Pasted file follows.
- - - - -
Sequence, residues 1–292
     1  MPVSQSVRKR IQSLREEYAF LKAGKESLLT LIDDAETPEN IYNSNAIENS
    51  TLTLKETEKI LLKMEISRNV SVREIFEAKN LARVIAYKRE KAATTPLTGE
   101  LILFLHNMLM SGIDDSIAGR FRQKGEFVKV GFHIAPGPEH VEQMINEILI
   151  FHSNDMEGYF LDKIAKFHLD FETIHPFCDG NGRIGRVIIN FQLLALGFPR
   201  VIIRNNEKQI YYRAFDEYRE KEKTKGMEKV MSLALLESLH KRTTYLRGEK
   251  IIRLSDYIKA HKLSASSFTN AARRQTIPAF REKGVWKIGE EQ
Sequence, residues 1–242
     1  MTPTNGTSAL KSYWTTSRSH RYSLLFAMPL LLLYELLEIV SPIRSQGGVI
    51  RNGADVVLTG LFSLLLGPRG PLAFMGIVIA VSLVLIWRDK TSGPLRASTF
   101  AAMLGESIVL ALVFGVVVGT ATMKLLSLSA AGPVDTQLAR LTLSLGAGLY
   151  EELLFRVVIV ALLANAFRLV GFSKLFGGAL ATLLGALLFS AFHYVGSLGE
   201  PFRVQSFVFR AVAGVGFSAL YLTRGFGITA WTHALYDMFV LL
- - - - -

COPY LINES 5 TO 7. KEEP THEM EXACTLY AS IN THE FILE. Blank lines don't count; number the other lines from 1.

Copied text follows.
   151  FHSNDMEGYF LDKIAKFHLD FETIHPFCDG NGRIGRVIIN FQLLALGFPR
   201  VIIRNNEKQI YYRAFDEYRE KEKTKGMEKV MSLALLESLH KRTTYLRGEK
   251  IIRLSDYIKA HKLSASSFTN AARRQTIPAF REKGVWKIGE EQ